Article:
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Demilade Olaosun
Demilade Olaosun, entertainment lawyer
It is just a few weeks to the release of the International Federation of the Phonographic Industry (IFPI) world music market ranking and statistics, which had only South Africa in 2012. Ghana Association of Phonographic Industries (GAPI) has revealed making over $10,000 every year from 2007 till now, 2013, after it sealed a working relationship with Norwegian-based international digital music distributor, Phonofile. Whether this will put Ghana among the top 20 music market in the world is unknown but according to reports from Ghana, between 2007 and 2013, Phonofile has loaded over 5,000 Ghanian songs on its online portal, generating over $10,000 every year for musicians and copyright owners in Ghana. Speaking with Ghana’s Adom News, GAPI’s Coordinator, Francis Mensah Twum said despite the poor efforts in promoting music online in Ghana, the revenue is improving; “We do not make any effort to promote our music online,” Twum said. He further highlighted that training by Phonofile is focused on selected musicians/right owners as a pilot as there are plans to revamp some old popular tunes. With the figures released by Ghana’s Phonographic body, GAPI, entertainment lawyer, Demilade Olaosun, who spoke with our correspondent has called for the need to have a well structured online profitable music market in Nigeria if we must make the world music market as it is important to keep records of albums and singles sales. “To my mind however, I believe we need to do this first for ourselves, for accountability and for adequate reward of intellectual property activities by practitioners. Definitely, we should aspire to compete on an international platform but the major consideration must be the protection and rewarding of our musical activities.” “This is why I am not particularly keen about Nigeria’s rating in the IFIP 2013 figures but about how much effort we strategically put into building a profitable structure for our industry. All online platforms must be explored for profitable distribution of music and I am aware of certain efforts by some industry professionals to effect such. So much of this was discussed at the recently concluded Social Media Week and blueprints are being mapped out to encourage online monetization of musical works,” the lawyer stated further. Demilade is, however, optimistic about having a Phonographic association in Nigeria. “I am sure that very soon, we will have a Phonographic society either entirely operated locally or in partnership with a foreign company”. Will Nigeria or Ghana join South Africa in IFPI’s Top 20 World Music Market report for 2013? Only time will tell.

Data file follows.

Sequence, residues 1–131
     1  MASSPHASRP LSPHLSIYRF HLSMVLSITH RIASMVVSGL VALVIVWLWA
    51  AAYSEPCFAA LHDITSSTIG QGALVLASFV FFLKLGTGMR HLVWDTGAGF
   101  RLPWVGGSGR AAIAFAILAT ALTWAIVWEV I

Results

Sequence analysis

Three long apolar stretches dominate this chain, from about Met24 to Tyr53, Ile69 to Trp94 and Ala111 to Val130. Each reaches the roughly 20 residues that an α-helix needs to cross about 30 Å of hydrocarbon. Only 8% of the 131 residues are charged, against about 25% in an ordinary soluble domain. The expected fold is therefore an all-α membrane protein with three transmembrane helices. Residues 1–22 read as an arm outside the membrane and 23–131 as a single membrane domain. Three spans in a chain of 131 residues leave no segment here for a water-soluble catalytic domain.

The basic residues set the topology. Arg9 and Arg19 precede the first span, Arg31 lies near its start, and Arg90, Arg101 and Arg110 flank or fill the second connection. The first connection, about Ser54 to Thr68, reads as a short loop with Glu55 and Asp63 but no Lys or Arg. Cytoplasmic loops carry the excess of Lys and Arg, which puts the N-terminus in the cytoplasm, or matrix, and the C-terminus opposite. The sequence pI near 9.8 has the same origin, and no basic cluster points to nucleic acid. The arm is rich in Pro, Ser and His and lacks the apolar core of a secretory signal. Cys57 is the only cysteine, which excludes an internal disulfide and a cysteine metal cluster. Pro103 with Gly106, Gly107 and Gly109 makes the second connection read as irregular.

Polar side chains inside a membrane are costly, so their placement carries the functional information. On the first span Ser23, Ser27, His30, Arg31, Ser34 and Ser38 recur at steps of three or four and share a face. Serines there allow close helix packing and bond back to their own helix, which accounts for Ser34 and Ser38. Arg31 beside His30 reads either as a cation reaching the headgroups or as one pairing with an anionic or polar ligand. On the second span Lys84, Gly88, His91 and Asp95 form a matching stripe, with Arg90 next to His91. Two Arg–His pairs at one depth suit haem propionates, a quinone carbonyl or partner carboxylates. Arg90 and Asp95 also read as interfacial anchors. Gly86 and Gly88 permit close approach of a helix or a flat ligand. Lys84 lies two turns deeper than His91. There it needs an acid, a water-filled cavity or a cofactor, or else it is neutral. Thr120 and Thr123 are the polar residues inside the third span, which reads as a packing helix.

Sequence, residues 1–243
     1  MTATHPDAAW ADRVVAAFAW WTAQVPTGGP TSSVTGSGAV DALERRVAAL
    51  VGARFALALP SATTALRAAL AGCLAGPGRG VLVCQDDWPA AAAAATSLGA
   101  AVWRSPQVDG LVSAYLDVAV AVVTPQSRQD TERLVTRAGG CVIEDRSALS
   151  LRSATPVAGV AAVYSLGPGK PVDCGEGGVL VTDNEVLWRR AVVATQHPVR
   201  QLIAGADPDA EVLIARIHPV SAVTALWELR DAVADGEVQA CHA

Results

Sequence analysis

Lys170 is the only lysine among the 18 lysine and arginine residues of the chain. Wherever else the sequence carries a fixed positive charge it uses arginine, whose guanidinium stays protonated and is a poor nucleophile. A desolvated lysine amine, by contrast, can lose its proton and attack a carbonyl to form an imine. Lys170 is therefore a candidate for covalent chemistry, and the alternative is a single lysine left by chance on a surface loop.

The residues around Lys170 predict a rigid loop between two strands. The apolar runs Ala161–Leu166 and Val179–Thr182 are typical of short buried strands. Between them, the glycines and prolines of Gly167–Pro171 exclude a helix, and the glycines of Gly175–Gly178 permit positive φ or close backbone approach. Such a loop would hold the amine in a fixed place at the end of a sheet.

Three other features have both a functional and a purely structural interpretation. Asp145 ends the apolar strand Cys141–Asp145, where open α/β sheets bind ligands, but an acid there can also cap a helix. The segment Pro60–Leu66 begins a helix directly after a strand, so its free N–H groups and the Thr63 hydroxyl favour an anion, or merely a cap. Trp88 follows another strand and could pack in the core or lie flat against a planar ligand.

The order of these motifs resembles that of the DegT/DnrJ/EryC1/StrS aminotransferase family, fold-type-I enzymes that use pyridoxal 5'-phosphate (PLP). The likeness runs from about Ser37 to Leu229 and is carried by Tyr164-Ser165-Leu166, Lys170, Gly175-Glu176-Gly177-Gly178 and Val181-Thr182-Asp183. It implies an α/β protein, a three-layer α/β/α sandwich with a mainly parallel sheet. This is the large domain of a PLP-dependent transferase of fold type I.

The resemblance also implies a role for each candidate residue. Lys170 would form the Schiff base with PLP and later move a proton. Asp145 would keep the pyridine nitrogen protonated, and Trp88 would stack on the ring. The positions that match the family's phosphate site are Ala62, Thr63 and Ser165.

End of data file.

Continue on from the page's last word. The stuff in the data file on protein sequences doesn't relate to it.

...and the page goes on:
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This article was first published on 13th March 2014

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